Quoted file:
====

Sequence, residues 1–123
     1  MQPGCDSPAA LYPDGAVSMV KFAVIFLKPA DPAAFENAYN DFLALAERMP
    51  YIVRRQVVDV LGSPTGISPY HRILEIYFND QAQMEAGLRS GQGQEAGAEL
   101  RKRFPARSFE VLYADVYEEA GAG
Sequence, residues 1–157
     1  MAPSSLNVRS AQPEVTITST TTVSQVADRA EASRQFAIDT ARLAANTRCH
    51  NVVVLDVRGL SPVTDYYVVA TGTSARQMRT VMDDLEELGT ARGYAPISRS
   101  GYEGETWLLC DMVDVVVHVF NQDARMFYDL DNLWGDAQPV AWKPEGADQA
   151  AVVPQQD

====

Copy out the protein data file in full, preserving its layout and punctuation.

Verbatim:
Sequence, residues 1–123
     1  MQPGCDSPAA LYPDGAVSMV KFAVIFLKPA DPAAFENAYN DFLALAERMP
    51  YIVRRQVVDV LGSPTGISPY HRILEIYFND QAQMEAGLRS GQGQEAGAEL
   101  RKRFPARSFE VLYADVYEEA GAG
Sequence, residues 1–157
     1  MAPSSLNVRS AQPEVTITST TTVSQVADRA EASRQFAIDT ARLAANTRCH
    51  NVVVLDVRGL SPVTDYYVVA TGTSARQMRT VMDDLEELGT ARGYAPISRS
   101  GYEGETWLLC DMVDVVVHVF NQDARMFYDL DNLWGDAQPV AWKPEGADQA
   151  AVVPQQD